By Miscellaneous | | April 8, 2010 |
By Miscellaneous | | April 8, 2010 |
There is a short film making the blogosphere (and Twittersphere) rounds today called Pixels. It was made by Patrick Jean, and I have to say that in terms of appropriating commercial iconography for an animated work, this kicks the shit out of the Oscar-winning Logorama, which I found to be clever for about a minute before it got really corny. Of course, some people will call this corny, too. But some people are wrong. This is extremely clever. This is downright amazingeniuspectacularadical. If you don’t believe me, read the testimonies of the bloggers down below.
Memo to Hollywood: there is no longer any need for Independence Day sequels or any other NYC invasion/disaster movie. There is also no longer any need for movies based on the 8-bit video game classics featured in Jean’s film. In fact, I’m going to a little further. And maybe this is just because I’m an enthusiast and scholar of New York cinema and because of my excitement with actually being able to appreciate all the video game references (this is a rare treat for someone who hasn’t really played video games in decades). But there is no longer any need for any more movies, short or feature-length, ever again. This is it. Game over.
I hesitate to introduce a video with the vague declaration “This is amazing,” cause it doesn’t really grab your attention and force you to watch it, but in the case of this video, “Pixels”, I am forcing you to watch it, and I am going to just say “This is amazing,” because it’s amazing
Sometimes a video needs no preamble. All you need to know about Patrick Jean’s short film Pixels is that it’s about a bunch of 2D video game icons who enter our world and begin attacking New York City. I think anyone of a certain age is instantly sold on that premise alone. And, well, there really isn’t a whole lot of information available beyond that, anyway. […] So please, do check out Pixels below. I guarantee you will not be disappointed
Everyone on earth is checking out the video you see embedded below, where old school video games attack the city of New York. You are on earth, so you need to see it too.
My favorite part: Tetris blocks wrecking the empire state building! Badass!
Imagine NYC getting destroyed by 8-bit evil forces from 70s and 80s games, including Space Invaders, Pacman and Donkey Kong. Actually, you don’t have to imagine it. Just watch this amazing video. It’s so cool that it makes me giddy.
Remember when a cloud of pixels blew through the New York City sky, unleashing a storm of evil video game characters that wreaked havoc on the skyline and destroyed the planet? No? That’s because we’re now all slaves in a Matrix-like pseudo-reality. Relive history through the coolest video ever.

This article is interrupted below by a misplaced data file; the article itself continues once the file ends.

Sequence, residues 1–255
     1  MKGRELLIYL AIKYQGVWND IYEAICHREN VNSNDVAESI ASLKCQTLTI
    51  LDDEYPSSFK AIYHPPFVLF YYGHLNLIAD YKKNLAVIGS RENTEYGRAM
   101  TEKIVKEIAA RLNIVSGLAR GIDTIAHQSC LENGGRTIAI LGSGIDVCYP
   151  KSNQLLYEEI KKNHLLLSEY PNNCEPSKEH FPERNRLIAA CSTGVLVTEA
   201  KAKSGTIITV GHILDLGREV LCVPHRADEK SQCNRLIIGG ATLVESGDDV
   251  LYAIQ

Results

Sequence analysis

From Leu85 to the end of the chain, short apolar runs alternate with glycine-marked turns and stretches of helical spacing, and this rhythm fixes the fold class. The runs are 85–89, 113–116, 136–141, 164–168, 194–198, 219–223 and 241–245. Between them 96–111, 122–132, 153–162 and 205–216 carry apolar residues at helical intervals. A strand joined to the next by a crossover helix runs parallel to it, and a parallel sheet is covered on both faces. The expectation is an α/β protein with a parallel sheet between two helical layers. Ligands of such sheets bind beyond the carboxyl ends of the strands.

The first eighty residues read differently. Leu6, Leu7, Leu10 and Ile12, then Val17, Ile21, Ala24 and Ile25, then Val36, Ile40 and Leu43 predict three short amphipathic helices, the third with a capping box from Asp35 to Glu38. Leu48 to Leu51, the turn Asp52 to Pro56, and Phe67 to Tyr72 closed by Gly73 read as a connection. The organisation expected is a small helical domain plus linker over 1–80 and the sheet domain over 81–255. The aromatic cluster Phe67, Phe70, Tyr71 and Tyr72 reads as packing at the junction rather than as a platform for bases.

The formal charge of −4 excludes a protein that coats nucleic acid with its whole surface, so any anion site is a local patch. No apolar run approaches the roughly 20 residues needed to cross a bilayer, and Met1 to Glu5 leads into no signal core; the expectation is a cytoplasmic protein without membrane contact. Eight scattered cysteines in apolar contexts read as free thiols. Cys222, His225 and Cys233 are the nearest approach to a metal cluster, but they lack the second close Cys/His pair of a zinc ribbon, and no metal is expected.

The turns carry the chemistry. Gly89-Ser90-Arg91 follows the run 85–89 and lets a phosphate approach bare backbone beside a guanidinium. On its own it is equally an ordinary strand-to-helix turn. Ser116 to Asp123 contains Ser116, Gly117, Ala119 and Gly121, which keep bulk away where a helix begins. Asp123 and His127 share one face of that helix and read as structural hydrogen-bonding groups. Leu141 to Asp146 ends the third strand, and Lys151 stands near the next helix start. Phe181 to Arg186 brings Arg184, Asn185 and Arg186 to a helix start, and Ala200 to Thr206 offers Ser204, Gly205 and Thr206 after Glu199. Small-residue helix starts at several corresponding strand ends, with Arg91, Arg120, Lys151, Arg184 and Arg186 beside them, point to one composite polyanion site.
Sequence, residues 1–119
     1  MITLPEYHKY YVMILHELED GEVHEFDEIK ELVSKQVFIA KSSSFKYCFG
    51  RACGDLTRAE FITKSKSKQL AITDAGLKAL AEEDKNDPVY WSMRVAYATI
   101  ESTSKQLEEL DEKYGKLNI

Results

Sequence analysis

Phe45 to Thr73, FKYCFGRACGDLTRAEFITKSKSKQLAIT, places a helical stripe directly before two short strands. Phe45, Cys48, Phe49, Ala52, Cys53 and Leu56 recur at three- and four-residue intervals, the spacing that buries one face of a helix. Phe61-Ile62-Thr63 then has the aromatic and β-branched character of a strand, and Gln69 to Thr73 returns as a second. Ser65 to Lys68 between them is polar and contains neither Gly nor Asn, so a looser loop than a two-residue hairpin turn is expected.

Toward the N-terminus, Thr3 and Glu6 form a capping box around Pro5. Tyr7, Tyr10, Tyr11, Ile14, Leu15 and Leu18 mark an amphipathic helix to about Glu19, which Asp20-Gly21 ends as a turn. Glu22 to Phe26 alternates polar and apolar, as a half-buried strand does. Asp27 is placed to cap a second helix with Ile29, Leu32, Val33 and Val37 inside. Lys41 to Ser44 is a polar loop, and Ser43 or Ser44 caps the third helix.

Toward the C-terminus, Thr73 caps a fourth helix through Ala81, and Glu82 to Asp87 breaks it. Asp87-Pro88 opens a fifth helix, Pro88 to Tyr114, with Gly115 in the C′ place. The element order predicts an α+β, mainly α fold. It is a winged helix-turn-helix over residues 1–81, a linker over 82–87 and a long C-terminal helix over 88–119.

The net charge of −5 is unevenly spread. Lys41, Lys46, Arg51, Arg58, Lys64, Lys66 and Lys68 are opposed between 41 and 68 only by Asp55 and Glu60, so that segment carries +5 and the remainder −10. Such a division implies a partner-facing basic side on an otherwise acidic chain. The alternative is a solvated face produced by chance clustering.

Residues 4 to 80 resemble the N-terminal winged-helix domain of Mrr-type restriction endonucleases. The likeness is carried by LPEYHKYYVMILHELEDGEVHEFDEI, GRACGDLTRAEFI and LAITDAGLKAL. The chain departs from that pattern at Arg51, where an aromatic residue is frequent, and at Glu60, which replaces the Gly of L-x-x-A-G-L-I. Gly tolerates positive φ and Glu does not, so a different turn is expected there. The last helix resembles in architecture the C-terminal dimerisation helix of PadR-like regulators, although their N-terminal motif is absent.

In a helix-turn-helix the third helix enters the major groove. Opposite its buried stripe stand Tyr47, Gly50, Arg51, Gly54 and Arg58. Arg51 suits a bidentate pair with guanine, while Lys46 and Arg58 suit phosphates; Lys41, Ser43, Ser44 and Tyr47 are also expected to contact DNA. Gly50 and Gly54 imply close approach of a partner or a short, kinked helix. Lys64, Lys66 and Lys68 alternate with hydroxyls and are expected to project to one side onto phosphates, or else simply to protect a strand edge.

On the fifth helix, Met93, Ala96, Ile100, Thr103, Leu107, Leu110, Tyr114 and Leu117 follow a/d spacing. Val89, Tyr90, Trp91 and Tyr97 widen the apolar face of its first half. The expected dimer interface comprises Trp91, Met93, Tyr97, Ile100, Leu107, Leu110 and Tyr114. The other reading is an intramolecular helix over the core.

Want to see your favorite 8-bit video games come to life in NYC? That’s pretty much what’s going on in this 2-minutes of old school awesomeness below. Too bad almost all of these characters are out to destroy us—it’s like pixelgeddon!
If there’s something truly wonderful about the dawn of the internet, it’s the sharing of unique experiences that would otherwise be lost in a sea of nothingness. This becomes most apparent when someone extremely creative makes a wonderful short and distributes it online. Such is the case with Pixels, a vibrant and fun little short from a French group called One More Production.
Mark my words: the best video game movie is going to be one that comes from a retro property. Trying to make movies out of games that are trying to be movies will most likely never work because all you’re doing is taking the interactivity out of a video game. But because 8-bit video games are silly and didn’t really try to tell a story, there’s so much room for imagination.
You can see that imagination on display with a short film by Patrick Jean called Pixels.
This brilliant, fun music video from France does several difficult things at the same time:
1) it perfectly captures my nostalgia for old video games
2) it makes you feel sorry for obsolete technology, and
3) it posits an end-of-world scenario few of us have ever considered: what would happen if the big, blocky pixels of the past came back and took their revenge?
It’s a brilliant piece of work and my only complaint would be that it’s too short (and forces an ending that doesn’t quite fit).
There are so many tasty touches here. The behavior and movement of objects as they shatter into pixels. The way the game characters have been incorporated into the invasion — Tetris blocks fitting into buildings and Pac Man eating through the subway? Hardly genius, but certainly perceptive and fun.